LAO 2003-04 Budget Analysis: Health and Social Services

Legislative Analyst's Office

Analysis of the 2003-04 Budget Bill

Child Welfare Services

California's state-supervised, county-administered Child Welfare Services (CWS) program provides services to abused and neglected children, children in foster care, and their families. The CWS program provides (1) immediate social worker response to allegations of child abuse and neglect; (2) ongoing services to children and their families who have been identified as victims, or potential victims, of abuse and neglect; and (3) services to children in foster care who have been temporarily or permanently removed from their family because of abuse or neglect. The 2003-04 Governor's Budget proposes $2.1 billion from all funds and $69 million from the General Fund for CWS. This represents a decrease of 89 percent from the General Fund over current-year expenditures mostly due to the administration's proposal to include Child Welfare Services in its realignment proposal. (For a discussion of the Governor's realignment proposal, please see "Part V" of the 2003-04 Budget: Perspectives and Issues.)

Budget for Child Welfare Services Does Not Reflect Savings From Projected Caseload Decline

We recommend that the proposed expenditures for the Child Welfare Services (CWS) program be reduced by $11 million from the General Fund because the budget does not reflect savings from its projected caseload declines. Further, we recommend that the Department of Social Services abolish the "hold harmless" method of budgeting the basic CWS workload. (Reduce Item 5180-151-0001 by $11,069,000.)

Current Budget Practice. In preparing the budget for CWS, the Department of Social Services (DSS) adjusts proposed funding upward when the caseload increases, but does not adjust funding downward when the caseload actually decreases. The practice of not adjusting the budget to reflect caseload decline is known as the "hold harmless" approach. This hold harmless method was established by DSS with the inception of the CWS Case Management System (CWS/CMS) that tracks the CWS caseload. Initial caseload data from the CWS/CMS system showed a dramatic reduction in the CWS caseload. Because of uncertainty about the accuracy of the CWS/CMS data, DSS decided to use 1997-98 pre-CWS/CMS caseload data as their base and have not allowed the number of budgeted social workers to drop below those base levels over the last five years. However, as of January 1999, DSS determined that the CWS/CMS data were "cleaned up" and reliable. Despite that determination, DSS has retained the hold harmless methodology for their CWS estimate.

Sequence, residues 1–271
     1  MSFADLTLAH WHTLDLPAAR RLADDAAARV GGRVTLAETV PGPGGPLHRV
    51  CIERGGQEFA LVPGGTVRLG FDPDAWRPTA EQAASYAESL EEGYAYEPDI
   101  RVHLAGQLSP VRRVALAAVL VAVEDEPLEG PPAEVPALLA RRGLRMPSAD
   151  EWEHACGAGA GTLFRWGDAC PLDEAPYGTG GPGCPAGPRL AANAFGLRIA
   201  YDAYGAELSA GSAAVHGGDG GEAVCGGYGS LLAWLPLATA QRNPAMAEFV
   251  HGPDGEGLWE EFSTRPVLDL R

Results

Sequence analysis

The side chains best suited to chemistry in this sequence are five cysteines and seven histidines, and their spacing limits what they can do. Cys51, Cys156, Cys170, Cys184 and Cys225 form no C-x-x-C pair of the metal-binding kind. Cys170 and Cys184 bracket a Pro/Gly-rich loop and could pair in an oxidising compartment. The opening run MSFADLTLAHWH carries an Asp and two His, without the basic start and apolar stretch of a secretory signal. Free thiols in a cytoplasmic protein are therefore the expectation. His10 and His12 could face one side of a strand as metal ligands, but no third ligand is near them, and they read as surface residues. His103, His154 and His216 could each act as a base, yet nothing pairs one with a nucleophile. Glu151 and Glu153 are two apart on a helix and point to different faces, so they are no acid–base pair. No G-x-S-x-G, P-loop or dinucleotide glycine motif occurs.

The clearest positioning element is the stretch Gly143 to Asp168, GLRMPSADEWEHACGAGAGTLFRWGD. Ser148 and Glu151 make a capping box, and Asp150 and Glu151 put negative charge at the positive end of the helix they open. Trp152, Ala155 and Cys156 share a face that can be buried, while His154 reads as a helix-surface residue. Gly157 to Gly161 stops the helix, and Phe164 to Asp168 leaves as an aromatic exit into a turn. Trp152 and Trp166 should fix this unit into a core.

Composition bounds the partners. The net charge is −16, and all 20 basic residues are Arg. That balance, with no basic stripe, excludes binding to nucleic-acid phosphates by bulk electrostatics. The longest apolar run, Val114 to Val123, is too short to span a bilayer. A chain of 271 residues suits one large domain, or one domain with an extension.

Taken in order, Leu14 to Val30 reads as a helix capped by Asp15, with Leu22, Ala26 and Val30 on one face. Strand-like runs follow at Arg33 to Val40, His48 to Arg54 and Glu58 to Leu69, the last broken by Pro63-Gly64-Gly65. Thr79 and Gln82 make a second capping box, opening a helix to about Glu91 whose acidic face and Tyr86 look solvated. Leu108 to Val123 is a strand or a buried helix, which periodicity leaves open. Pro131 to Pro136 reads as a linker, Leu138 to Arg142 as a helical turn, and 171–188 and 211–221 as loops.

Continued Decline in CWS Caseload. Since its peak in 1998-99 at approximately 198,000 cases, the CWS caseload had dropped by almost 35,000 cases, or 18 percent by the end of 2001-02. The DSS projects an additional decline of 2.2 percent in 2003-04.

No Savings From Caseload Decline. Because of the way the hold harmless provision works, the number of social workers funded for the counties remains unchanged despite workload decreases. In other words, if an individual county's caseload is declining, its number of caseworkers are held at the prior-year level. At the same time, if another county's caseload is increasing, the state provides that county with funds to hire additional caseworkers. Therefore, on a statewide basis, despite an overall caseload decline, the funding for CWS continues to grow. While DSS projects that caseloads will have declined by approximately 13 percent overall since 1998, CWS basic funding has increased by 33 percent in the same period.

Analyst's Recommendation. We recommend that the Legislature maintain Child Welfare Services case-management funding per child at its 2002-03 level. This would result in a General Fund savings of $11 million while not reducing the level of care and service provided to the children and families in the child welfare system in the budget year. (We note that this program, like all other social services programs, will not receive an inflation adjustment for higher costs of doing business in the budget year.) Further, we recommend that DSS adopt a method of budgeting future CWS that reflects the trends of the actual caseloads.

We recognize that the SB 2030 Child Welfare Services Workload Study did find that CWS caseworkers are overburdened and carrying much larger caseloads than are ideal. To address this issue, the Legislature has separately budgeted "augmentations" to CWS. Should the administration decide to move toward the updated standards outlined in the SB 2030 study, we believe that it should be done through a proposed augmentation budgeted separately from the basic workload. Further, by increasing the separate augmentation, rather than the basic funding, workload relief for caseworkers would be applied to all counties, not just those with declining caseloads.

Impact of Realignment. If our recommendation is adopted and the Legislature also adopts the administration's realignment proposal for CWS, then the amounts shown represent reductions in the amount of revenue that could be transferred to the counties.

Return to Health and Social Services Table of Contents, 2003-04 Budget Analysis